Surgery for a blocked bowel (bowel obstruction)
Sometimes as the bowel cancer grows it completely blocks the bowel. This is called bowel obstruction. Waste matter cannot pass through the blocked bowel easily, and may cause:
- bloating and abdominal pain
- nausea and vomiting.
Sometimes the obstruction is found and cleared during the surgery to remove the cancer. In other cases, the bowel obstruction will mean you have to have emergency surgery to clear the blockage.
It may be possible to rejoin the bowel during the surgery, but some people may need a stoma. Sometimes a stoma is made “upstream” from the obstruction to relieve the blockage and to allow time for staging scans of the cancer or chemoradiation before surgery, to make sure the cancer is removed completely.
Not everyone with a blockage will want to have surgery or be fit enough to have it. To help keep the bowel open so that stools can pass through again, your surgeon may be able to insert a small hollow tube (stent) inside the colon. A stent may also help manage the blockage until you are well enough to have an operation. Your surgeon will use a colonoscope to find the blockage and place the stent.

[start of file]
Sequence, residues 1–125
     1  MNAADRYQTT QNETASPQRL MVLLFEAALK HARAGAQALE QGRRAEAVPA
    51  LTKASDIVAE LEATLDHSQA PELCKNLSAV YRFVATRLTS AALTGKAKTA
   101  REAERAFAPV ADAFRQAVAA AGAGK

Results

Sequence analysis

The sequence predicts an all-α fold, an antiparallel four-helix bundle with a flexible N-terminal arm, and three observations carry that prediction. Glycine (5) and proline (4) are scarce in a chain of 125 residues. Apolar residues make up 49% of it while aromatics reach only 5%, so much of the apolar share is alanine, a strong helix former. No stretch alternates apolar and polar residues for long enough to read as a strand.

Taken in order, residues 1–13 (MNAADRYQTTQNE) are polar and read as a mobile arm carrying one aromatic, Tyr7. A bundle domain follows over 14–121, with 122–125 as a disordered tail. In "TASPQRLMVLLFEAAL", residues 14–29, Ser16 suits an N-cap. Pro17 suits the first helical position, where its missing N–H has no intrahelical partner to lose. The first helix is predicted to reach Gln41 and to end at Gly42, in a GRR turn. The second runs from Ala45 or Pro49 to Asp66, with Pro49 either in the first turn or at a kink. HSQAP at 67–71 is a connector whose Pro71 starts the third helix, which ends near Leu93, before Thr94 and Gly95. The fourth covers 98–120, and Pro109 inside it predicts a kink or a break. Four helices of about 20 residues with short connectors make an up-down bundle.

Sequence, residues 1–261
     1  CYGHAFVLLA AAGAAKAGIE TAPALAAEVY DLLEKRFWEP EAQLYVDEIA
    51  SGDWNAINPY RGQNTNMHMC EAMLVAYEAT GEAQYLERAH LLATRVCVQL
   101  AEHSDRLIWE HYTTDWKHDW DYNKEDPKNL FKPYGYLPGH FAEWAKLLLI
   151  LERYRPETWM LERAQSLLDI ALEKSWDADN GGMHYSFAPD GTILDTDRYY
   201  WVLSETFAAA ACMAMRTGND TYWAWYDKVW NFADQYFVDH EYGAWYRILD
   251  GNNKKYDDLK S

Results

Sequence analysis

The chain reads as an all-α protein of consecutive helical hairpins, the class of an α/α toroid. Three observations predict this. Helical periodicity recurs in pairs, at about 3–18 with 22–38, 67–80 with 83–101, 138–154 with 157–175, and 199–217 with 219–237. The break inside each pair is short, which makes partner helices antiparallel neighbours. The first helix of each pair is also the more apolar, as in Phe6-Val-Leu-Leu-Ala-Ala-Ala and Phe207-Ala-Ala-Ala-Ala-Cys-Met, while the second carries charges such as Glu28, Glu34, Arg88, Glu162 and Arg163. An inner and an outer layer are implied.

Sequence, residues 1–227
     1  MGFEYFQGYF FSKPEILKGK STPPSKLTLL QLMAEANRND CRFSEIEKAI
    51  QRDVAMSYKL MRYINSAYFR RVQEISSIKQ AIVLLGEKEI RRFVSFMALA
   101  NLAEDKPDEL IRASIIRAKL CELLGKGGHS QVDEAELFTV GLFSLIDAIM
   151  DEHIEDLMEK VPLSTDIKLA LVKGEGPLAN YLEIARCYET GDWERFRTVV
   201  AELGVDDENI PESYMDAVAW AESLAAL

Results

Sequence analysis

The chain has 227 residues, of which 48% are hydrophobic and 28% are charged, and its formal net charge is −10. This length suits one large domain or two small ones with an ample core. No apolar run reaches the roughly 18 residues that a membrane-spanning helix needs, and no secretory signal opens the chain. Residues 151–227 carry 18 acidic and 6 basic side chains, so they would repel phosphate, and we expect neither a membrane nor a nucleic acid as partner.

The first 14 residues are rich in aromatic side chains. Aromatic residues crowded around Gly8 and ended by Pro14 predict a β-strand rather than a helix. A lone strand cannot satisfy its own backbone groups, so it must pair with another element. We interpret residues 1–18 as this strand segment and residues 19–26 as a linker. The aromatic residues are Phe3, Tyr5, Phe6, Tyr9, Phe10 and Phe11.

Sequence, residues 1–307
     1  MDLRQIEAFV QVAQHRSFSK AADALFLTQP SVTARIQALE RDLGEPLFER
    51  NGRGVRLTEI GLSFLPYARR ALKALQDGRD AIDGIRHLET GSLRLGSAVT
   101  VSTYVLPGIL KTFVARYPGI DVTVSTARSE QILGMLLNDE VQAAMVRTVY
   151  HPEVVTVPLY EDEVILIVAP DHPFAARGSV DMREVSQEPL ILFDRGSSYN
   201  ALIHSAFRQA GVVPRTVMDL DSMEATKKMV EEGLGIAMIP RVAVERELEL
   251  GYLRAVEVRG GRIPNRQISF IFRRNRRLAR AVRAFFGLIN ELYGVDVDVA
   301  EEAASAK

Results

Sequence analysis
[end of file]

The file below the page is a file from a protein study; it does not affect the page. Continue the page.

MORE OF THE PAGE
If you are unable to have surgery or a stent, you may be given medicine to help control the symptoms of a bowel obstruction.
A/Prof Craig Lynch, Colorectal Surgeon, Peter MacCallum Cancer Centre, VIC; Prof Tim Price, Medical Oncologist, The Queen Elizabeth Hospital, Adelaide, and Clinical Professor, Faculty of Medicine, The University of Adelaide, SA; Department of Dietetics, Liverpool Hospital, NSW; Dr Hooi Ee, Gastroenterologist, Sir Charles Gairdner Hospital, WA; Dr Debra Furniss, Radiation Oncologist, Genesis CancerCare, QLD; Jocelyn Head, Consumer; Jackie Johnston, Palliative Care and Stomal Therapy Clinical Nurse Consultant, St Vincent’s Private Hospital, NSW; Zeinah Keen, 13 11 20 Consultant, Cancer Council NSW; Dr Elizabeth Murphy, Head, Colorectal Surgical Unit, Lyell McEwin Hospital, SA. We also thank the health professionals, consumers and editorial teams who have worked on previous editions.
View the Cancer Council NSW editorial policy.
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